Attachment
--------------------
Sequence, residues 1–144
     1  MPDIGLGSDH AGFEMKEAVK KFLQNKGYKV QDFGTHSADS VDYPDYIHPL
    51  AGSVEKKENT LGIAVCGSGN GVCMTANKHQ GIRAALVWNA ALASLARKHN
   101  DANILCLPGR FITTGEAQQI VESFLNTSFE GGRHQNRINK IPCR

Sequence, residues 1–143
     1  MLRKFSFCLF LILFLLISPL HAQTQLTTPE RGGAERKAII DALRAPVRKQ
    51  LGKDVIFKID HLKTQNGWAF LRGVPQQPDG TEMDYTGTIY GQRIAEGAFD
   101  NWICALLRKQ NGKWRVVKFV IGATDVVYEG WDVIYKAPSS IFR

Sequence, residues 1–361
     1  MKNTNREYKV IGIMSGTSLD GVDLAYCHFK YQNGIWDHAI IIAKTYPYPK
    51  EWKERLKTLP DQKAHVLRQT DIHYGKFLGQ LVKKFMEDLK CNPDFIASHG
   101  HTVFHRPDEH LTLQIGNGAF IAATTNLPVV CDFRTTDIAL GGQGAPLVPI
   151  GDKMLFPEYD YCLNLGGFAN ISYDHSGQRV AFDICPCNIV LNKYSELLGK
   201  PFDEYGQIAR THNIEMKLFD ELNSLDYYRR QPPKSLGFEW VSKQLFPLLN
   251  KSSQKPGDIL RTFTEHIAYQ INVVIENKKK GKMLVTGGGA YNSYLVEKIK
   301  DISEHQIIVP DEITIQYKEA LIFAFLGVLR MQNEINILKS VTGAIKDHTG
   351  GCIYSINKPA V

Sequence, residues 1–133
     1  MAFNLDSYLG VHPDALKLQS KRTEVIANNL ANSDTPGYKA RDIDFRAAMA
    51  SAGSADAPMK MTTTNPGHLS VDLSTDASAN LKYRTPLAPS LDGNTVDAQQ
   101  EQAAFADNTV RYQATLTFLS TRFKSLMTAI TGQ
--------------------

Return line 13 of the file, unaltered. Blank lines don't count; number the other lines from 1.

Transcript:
   151  GDKMLFPEYD YCLNLGGFAN ISYDHSGQRV AFDICPCNIV LNKYSELLGK